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5 African Countries with the Highest Quality of Life in 2024

29/04/20246 minute read
5 African Countries with the Highest Quality of Life

Every citizen wants to live a fulfilling life in their own country. It gives them a sense of stability and peace when they can fulfill their basic needs and reach their full potential in a relatively stable environment. According to Numbeo, a data and research powerhouse, having such a high quality of life considers factors such as purchasing power, safety, healthcare, cost of living, property price-to-income ratio, traffic commute time, pollution, and climate index.

However, this isn’t always the case. Many African cities face challenges like rapid urbanization, population growth, and insufficient infrastructure. Issues such as informal settlements, inadequate housing, and limited access to clean water and sanitation are prevalent in several urban areas. Sometimes, countries can have a high GDP per capita but are unable to provide a decent quality of life for their citizens.

A few African countries fall into this category. According to a report by the UN, only one African country had a Human Development Index score above the global average of 0.8 in 2023. These countries have mastered the art of giving their citizens a good quality of life. It doesn’t matter whether their economy is facing turmoil; their citizens have a decent standard of living.

A high quality of life for its citizens also fuels social stability and economic growth in these countries. It enhances a country’s reputation on the international stage, attracting skilled workers and foreign investment. Here are the African countries with the highest quality of life in 2024, according to Numbeo, a data and research powerhouse.

This chart illustrates the Quality of Life Index by Country in Africa for 2024

1. South Africa

With a score of 136.92, South Africa has the highest quality of life Index among the listed countries. This suggests a generally better standard of living in terms of factors like health, safety, economics, and access to necessities. South Africa has a developing healthcare system with advanced facilities in major cities. Its healthcare index is 4.03. However, access remains uneven, particularly in rural areas. The average life expectancy is 64.2 years.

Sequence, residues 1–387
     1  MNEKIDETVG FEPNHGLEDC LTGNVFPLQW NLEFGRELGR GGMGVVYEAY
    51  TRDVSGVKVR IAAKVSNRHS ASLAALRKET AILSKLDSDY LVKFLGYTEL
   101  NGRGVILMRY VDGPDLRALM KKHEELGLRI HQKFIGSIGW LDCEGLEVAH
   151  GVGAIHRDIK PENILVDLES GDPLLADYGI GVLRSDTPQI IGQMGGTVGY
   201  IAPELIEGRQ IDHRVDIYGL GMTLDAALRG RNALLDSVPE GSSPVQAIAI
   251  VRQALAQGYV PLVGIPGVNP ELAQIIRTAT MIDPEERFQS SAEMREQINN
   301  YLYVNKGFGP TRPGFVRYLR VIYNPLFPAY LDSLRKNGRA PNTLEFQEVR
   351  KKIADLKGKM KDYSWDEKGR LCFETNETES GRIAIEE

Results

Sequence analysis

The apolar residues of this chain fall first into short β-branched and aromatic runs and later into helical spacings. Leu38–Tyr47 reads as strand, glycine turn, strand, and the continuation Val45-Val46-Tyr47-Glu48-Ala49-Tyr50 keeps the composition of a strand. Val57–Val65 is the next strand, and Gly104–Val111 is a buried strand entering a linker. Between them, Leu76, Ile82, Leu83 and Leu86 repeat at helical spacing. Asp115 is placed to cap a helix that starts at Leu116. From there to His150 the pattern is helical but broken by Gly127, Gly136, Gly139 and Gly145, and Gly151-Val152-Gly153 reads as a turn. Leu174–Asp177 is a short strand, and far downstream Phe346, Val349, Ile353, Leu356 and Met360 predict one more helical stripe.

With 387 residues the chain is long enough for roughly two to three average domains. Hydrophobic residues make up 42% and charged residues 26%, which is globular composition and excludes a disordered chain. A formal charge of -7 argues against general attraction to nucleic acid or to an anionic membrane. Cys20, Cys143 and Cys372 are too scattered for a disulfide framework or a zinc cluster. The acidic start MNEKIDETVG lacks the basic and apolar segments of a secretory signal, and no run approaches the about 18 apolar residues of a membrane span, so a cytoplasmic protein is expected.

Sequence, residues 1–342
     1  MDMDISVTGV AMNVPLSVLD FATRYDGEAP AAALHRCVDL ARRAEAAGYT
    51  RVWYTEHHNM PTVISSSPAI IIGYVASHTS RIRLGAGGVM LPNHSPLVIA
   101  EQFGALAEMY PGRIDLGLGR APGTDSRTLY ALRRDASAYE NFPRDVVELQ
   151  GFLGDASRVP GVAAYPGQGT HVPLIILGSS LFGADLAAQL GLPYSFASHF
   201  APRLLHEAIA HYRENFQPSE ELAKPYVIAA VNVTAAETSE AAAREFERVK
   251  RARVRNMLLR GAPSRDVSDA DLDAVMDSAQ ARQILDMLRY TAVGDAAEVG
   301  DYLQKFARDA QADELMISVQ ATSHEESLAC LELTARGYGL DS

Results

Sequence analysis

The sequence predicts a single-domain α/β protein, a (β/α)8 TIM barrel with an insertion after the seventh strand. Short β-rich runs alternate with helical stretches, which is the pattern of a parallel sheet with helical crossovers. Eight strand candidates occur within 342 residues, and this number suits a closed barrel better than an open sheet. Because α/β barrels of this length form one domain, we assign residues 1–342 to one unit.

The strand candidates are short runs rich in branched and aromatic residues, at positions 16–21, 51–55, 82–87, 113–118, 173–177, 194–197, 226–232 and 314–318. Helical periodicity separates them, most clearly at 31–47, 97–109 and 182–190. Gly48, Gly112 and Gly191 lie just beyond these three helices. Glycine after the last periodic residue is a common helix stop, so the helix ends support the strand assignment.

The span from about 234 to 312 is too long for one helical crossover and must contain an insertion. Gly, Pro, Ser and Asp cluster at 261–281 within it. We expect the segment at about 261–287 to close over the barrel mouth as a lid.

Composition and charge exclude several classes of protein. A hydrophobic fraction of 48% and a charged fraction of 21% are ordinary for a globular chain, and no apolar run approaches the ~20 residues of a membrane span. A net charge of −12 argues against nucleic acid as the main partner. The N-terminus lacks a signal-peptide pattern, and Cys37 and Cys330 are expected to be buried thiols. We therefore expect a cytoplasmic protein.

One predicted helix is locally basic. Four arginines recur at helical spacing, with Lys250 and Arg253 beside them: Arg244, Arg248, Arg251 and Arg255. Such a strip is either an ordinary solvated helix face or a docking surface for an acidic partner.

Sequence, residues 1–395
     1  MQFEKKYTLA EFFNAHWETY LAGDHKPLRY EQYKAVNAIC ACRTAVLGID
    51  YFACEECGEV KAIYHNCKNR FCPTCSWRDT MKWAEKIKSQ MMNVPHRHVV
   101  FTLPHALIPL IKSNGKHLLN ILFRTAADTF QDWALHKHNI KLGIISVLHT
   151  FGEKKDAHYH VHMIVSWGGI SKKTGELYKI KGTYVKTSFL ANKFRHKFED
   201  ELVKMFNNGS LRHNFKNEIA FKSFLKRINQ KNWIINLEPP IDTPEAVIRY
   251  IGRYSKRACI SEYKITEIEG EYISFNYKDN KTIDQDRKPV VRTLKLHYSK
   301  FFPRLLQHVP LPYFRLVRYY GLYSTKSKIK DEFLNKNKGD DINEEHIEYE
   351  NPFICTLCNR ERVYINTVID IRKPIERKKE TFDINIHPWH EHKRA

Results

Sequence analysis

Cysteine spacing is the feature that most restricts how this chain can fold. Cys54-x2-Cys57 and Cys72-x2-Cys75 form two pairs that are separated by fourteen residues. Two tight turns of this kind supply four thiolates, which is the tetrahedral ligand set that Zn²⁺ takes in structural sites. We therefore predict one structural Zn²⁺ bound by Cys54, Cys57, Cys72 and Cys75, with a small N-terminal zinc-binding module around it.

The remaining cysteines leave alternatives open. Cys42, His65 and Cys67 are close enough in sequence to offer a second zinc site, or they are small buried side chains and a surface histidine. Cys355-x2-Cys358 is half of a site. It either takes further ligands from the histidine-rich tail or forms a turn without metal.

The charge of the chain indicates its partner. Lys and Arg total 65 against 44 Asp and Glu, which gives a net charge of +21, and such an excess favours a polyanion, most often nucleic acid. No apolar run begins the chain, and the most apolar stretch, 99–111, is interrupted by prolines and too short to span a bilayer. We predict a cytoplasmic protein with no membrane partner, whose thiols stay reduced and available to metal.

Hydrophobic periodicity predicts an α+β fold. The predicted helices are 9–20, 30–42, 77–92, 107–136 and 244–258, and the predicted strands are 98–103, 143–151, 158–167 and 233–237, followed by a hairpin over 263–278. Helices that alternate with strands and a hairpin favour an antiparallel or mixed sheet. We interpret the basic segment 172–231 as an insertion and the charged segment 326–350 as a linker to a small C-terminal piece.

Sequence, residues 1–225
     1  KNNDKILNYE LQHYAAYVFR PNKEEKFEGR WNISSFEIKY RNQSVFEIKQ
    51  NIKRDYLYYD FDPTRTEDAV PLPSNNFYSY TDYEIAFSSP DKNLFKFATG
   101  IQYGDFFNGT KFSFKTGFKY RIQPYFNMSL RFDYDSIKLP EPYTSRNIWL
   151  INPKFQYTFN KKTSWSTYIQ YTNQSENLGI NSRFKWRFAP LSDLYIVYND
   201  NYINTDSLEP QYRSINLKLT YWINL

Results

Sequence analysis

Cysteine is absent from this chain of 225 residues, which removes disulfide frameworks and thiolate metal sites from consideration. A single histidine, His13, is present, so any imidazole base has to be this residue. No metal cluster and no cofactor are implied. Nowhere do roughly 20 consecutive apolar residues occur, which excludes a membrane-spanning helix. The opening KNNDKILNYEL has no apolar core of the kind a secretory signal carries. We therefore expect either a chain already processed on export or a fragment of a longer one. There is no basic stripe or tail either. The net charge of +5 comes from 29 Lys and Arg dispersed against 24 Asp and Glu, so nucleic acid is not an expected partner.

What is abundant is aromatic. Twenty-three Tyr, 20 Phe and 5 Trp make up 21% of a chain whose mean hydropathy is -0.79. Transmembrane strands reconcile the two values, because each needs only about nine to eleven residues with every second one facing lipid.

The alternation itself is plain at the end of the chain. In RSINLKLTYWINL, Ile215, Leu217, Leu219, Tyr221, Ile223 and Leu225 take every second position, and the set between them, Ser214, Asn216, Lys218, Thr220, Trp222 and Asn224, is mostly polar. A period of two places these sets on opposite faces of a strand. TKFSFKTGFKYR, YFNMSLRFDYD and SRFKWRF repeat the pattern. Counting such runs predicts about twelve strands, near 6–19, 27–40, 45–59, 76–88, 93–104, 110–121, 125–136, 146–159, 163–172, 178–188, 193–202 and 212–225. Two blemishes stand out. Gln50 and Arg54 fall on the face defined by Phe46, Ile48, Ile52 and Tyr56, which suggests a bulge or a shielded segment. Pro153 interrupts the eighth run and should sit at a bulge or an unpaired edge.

Safety concerns also vary geographically, with a safety index of 4.66. Major cities like Johannesburg experience higher crime rates. Economically, South Africa is the most developed nation on the continent. Its GDP per capita in 2024 is $17.79 thousand. However, significant income inequality persists. Only 10% controls over 70% of the wealth.

2. Morocco

Morocco follows closely behind with a score of 104.73. Morocco presents a picture of a moderately high quality of life. Significant investment has been made in infrastructure development, leading to improved transportation networks and utilities. The healthcare index in Morocco is at a decent 5.12, although access to quality healthcare varies depending on location and socioeconomic status.

Public healthcare spending sits around 5.2% of GDP. The average life expectancy is 77.2 years. However, the quality can vary depending on location and socioeconomic status. Job creation and economic opportunities remain limited in some areas, with a youth unemployment rate exceeding 20%. Morocco also has a relatively high cost of living, with an index of 9.91.

3. Kenya

Kenya comes in at number three with a score of 103.54. Kenya offers a mix of strengths and weaknesses in terms of quality of life. Kenya’s economy is also on the rise, with a focus on agriculture, tourism, and technology. The country’s GDP per capita is $2,130. The country has stunning natural beauty and rich biodiversity, attracting tourists that employ over 2 million people. The country has also made significant progress in education access, with a net primary enrollment rate exceeding 85%.